Nature Watch

Nature Watch

Luki finds the first Orchids!

Published in Nature Watch

Luki is one of Hvar's happiest dogs, and one of Hvar's greatest nature-lovers. On March 15th, he sniffed out early orchids not far from Vrboska. 

Hvar's Springtime Treats

Published in Nature Watch

Sunshine, mild weather and some occasional outbursts of rain are bringing Hvar's spring on at great speed.

Saving Wildlife and Biodiversity: Looking to the Future

Published in Nature Watch

Your support is needed! November 2019 saw the launch of the European Citizens' Initiative petition under the title 'Save Bees and Farmers'. Please sign it, if you haven't done so already.

Dragonflies and Damselflies

Published in Nature Watch

These delicate-looking, exquisite creatures play an important part in the natural chain. They are especially useful to humans because of their voracious appetite for mosquitoes and other biting insects such as midges. While they feast greedily on their preferred prey, they are totally harmless to humans.

Birdwatch, June - July 2019

Published in Nature Watch

Steve Jones of Dol recounts his observations during June and July 2019, a mixture of some disappointments balanced by unexpected joys, including a couple of bird rescues!

Dead bats in Pitve, July 2019

Published in Nature Watch

Two dead bats lying close together on their doorstep were a sad surprise which greeted a couple in Pitve on the morning of July 24th 2019.

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Eco Environment News feeds

  • The president took swift action upon entering the White House, but recent developments raise concern his agenda has stalled

    On his first day at the White House, Joe Biden earned praise for following through on several campaign promises, committing the US to strict climate goals and a greener future. Now, nearly six months into his presidency, several of those commitments are being put to the test, and already, many are falling apart.

    A court last week ruled that the Biden administration did not have the authority to unilaterally pause oil and gas lease sales across the US. The decision came alongside news that congressional bargaining over Biden’s climate and infrastructure bill is hitting a wall with Republicans and the administration is now considering a slimmed-down version.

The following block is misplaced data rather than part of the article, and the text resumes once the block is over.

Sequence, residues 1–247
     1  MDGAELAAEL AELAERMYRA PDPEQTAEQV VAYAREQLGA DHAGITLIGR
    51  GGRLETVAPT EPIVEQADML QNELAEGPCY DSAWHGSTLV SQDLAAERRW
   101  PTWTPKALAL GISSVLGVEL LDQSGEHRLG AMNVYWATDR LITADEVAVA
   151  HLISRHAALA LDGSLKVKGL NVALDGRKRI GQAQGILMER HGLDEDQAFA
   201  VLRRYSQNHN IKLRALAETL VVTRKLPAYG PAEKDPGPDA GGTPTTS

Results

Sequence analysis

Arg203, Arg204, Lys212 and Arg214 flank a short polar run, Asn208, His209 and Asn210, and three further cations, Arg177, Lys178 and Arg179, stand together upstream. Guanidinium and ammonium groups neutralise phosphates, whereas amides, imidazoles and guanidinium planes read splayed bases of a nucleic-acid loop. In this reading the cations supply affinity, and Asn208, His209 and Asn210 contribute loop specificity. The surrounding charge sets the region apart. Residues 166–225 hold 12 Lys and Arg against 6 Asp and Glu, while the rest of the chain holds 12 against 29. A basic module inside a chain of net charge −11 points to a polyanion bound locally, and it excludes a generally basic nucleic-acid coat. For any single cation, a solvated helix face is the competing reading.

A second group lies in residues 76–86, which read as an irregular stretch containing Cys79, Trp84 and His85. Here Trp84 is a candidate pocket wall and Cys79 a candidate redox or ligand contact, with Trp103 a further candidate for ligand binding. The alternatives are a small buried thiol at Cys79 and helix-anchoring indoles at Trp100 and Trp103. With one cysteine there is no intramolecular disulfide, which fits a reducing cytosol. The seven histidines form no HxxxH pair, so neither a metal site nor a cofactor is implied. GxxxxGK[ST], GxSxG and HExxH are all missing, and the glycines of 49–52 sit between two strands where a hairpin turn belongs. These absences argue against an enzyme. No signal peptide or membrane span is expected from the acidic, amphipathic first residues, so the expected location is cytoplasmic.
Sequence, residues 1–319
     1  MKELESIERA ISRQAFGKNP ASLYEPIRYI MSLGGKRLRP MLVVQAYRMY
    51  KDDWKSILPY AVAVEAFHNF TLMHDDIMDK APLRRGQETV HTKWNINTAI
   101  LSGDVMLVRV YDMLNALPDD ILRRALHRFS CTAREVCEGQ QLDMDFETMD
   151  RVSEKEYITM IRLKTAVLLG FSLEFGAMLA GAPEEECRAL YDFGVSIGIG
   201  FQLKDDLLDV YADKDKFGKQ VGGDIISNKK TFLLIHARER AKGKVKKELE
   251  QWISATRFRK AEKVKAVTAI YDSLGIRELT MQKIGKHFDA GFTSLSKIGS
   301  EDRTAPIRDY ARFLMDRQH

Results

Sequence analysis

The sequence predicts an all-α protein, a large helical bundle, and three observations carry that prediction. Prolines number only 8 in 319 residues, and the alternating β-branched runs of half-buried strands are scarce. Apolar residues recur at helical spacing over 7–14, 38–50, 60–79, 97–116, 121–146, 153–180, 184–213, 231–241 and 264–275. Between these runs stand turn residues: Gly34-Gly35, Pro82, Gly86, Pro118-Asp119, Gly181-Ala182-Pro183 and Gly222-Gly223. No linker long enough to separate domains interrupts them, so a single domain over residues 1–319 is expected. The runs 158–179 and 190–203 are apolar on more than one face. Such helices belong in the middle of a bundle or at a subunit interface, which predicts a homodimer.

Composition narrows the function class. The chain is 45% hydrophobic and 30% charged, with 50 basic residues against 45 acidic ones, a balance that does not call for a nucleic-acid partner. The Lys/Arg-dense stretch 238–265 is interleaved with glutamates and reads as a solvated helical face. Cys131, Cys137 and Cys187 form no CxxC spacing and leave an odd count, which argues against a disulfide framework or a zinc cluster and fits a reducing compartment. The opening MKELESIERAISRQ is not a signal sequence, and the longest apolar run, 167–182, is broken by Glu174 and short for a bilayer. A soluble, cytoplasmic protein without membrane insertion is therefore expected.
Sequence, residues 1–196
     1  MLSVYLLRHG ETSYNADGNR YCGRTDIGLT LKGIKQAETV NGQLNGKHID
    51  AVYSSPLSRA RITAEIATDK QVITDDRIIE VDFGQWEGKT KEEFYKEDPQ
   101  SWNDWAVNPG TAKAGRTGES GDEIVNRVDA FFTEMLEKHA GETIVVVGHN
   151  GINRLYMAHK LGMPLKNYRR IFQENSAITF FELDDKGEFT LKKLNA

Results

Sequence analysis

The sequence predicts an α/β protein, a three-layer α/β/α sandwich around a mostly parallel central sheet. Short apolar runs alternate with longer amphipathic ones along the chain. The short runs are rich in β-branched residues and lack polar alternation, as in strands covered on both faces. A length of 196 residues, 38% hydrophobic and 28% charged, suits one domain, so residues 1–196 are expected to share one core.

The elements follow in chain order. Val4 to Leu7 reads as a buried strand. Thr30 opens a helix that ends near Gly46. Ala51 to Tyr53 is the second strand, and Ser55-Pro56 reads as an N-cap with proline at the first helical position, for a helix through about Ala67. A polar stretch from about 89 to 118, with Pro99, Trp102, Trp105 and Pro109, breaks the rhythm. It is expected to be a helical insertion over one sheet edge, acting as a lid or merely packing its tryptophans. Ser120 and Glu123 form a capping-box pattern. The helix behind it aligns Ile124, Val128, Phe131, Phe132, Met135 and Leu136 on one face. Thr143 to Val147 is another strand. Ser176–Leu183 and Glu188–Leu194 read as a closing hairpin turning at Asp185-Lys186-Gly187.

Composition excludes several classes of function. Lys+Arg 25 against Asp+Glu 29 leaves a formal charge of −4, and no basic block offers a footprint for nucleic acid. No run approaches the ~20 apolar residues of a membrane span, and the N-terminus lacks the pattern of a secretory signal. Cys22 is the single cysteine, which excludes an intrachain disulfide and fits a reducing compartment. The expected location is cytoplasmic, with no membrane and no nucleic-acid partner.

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  • The system would also have very little impact on the environment, in contrast to livestock farming, scientists say

    Combining solar power and microbes could produce 10 times more protein than crops such as soya beans, according to a new study.

    The system would also have very little impact on the environment, the researchers said, in stark contrast to livestock farming which results in huge amounts of climate-heating gases as well as water pollution.

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  • Australian government ‘stunned’ by recommendation and will strongly oppose draft decision, environment minister Sussan Ley says

    The Great Barrier Reef should be placed on to a list of world heritage sites that are “in danger”, according to a recommendation from UN officials that urges Australia to take “accelerated action at all possible levels” on climate change.

    The United Nations Educational, Scientific and Cultural Organization says the world’s biggest coral reef system should be placed on the list at the world heritage committee meeting next month.

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  • They may be vine-smothered ruins today, but the lost cities of the ancient tropics still have a lot to teach us about how to live alongside nature

    Visions of “lost cities” in the jungle have consumed western imaginations since Europeans first visited the tropics of Asia, Africa and the Americas. From the Lost City of Z to El Dorado, a thirst for finding ancient civilisations and their treasures in perilous tropical forest settings has driven innumerable ill-fated expeditions. This obsession has seeped into western societies’ popular ideas of tropical forest cities, with overgrown ruins acting as the backdrop for fear, discovery and life-threatening challenges in countless films, novels and video games.